Sunday, January 20, 2008
Would you believe that there's a direct relationship, a traceable line of descent, between this:
. . . and this?
It's quite a story, crossing two continents, nine decades, a couple of dozen corporate names, two different air services and not a few ships. Let me tell you about it.
The Sopwith Pup was a very successful mid-World-War-I fighter aircraft. The design was originally known as the Sopwith Admiralty Type 9901, and after successful trials was officially named the Sopwith Scout. However, its crews referred to it affectionately as the 'Pup'. A disgruntled senior officer issued an order to stop calling it by that name. This had the inevitable result - the nickname became the recognized name of the aircraft and the official moniker is long forgotten!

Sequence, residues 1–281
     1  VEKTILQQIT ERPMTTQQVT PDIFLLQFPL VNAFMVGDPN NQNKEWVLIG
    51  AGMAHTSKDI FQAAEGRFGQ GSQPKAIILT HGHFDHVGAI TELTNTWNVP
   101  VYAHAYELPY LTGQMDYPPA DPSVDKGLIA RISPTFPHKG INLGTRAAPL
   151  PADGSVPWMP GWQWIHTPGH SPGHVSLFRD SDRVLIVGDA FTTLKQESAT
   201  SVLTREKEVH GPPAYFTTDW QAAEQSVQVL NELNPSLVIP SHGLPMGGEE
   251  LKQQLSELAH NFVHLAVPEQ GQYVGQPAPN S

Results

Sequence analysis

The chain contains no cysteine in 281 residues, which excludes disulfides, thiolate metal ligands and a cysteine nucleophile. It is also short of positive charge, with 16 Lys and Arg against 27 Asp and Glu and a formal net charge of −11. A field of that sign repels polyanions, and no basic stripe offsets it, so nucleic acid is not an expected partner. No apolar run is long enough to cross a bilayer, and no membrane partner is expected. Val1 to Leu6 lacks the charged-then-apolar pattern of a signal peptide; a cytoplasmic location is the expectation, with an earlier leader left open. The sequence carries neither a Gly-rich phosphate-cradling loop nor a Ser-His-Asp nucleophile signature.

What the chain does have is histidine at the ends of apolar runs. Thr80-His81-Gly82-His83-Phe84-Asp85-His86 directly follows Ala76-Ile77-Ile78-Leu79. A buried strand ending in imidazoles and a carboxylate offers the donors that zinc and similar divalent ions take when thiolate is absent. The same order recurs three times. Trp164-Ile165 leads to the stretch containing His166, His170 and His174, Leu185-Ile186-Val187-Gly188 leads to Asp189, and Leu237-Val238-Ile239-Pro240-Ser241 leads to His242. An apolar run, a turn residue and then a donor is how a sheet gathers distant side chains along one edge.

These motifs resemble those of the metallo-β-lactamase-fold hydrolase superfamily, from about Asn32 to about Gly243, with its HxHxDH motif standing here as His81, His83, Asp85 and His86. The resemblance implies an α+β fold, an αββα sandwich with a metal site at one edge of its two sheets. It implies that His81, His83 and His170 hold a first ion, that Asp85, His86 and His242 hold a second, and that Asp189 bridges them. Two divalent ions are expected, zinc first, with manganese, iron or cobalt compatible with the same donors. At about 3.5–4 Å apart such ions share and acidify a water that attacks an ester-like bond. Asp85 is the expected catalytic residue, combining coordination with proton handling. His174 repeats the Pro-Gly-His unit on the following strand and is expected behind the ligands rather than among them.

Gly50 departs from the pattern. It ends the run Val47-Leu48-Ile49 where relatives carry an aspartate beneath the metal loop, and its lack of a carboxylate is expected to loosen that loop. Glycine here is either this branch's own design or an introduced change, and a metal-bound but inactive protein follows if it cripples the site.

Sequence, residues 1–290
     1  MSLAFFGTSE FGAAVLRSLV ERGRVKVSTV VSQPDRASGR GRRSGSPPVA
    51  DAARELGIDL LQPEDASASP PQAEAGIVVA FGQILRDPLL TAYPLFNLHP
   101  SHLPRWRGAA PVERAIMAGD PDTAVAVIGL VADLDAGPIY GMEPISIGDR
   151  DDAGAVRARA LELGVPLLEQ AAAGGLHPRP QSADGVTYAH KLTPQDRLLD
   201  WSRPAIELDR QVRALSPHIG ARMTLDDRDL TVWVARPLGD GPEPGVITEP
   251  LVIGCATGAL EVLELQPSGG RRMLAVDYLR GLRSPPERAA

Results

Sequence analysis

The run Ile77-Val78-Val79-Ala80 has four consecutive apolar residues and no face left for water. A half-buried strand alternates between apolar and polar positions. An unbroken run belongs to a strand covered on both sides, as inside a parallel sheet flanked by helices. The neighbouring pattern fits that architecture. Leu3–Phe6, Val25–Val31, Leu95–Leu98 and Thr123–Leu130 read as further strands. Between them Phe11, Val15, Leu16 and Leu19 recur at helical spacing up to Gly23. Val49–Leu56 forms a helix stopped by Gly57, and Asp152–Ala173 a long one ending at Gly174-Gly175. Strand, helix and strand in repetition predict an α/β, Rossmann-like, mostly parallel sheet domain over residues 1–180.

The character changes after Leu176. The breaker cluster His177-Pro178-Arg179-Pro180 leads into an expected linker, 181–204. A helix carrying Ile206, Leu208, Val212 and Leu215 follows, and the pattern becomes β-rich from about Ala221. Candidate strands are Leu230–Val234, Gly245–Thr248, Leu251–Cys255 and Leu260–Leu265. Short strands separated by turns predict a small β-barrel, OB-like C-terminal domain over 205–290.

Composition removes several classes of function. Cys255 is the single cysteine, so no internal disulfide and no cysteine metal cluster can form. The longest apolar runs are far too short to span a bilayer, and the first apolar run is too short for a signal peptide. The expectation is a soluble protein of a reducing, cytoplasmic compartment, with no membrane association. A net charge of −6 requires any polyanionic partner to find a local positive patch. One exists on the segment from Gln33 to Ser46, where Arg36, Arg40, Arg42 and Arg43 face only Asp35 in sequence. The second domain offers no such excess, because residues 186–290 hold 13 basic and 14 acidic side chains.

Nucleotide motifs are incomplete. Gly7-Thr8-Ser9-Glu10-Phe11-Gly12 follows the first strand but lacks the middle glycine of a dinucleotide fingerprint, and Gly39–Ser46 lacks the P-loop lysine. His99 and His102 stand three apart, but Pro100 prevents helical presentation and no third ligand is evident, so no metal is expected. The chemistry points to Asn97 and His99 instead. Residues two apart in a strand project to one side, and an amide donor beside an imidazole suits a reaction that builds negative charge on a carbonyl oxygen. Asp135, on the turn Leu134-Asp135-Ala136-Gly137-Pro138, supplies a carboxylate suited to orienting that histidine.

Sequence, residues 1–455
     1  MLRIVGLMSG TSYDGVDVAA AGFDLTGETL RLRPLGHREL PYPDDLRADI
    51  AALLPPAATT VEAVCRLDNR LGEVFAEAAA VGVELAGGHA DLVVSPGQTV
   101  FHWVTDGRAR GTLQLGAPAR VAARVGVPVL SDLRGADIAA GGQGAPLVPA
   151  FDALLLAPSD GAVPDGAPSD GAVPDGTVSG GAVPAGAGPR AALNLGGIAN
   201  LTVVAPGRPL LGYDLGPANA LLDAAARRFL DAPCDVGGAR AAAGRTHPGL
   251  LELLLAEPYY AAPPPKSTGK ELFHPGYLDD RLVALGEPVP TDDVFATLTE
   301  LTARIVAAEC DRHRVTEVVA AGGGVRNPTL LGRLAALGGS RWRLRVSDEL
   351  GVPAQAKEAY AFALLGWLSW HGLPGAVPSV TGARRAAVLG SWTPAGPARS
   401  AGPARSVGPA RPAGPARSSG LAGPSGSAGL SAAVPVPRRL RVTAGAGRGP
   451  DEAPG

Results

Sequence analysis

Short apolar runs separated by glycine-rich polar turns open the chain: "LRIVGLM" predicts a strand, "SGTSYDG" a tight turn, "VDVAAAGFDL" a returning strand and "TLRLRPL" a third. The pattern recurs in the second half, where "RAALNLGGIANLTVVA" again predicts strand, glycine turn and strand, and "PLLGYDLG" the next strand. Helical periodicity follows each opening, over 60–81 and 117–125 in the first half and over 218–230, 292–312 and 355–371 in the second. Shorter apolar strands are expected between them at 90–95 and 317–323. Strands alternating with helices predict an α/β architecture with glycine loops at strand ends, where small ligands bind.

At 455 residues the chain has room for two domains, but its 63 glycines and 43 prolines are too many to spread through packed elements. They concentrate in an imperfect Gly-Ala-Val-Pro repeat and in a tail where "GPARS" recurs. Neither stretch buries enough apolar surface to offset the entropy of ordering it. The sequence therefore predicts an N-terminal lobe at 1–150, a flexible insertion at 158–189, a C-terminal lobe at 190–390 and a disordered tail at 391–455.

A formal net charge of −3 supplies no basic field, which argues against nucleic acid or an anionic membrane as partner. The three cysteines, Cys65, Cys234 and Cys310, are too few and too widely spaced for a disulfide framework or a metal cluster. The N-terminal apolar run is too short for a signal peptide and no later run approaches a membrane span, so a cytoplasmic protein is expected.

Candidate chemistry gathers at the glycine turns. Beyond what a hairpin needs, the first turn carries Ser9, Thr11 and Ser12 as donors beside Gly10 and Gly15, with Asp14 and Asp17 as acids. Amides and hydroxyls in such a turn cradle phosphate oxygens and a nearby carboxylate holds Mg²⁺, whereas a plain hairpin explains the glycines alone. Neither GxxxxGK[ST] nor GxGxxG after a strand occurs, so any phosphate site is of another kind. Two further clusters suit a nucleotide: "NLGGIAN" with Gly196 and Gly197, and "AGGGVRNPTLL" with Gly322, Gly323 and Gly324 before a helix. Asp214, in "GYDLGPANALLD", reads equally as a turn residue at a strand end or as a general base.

The Pup first flew in February 1916. It was powered by an 80hp Le Rhone rotary engine and carried an armament of a single 0.303" Vickers machine-gun firing synchronized through the propeller. Almost eighteen hundred were built and it served with the Royal Naval Air Service, the Royal Flying Corps (later to become the Royal Air Force) and other air arms. The picture above is of the prototype as it first flew in 1916. There are many excellent photographs of Pups at Airliners.net, and the Shuttleworth Collection in England has a flying Sopwith Pup in its fleet, video of which is shown below.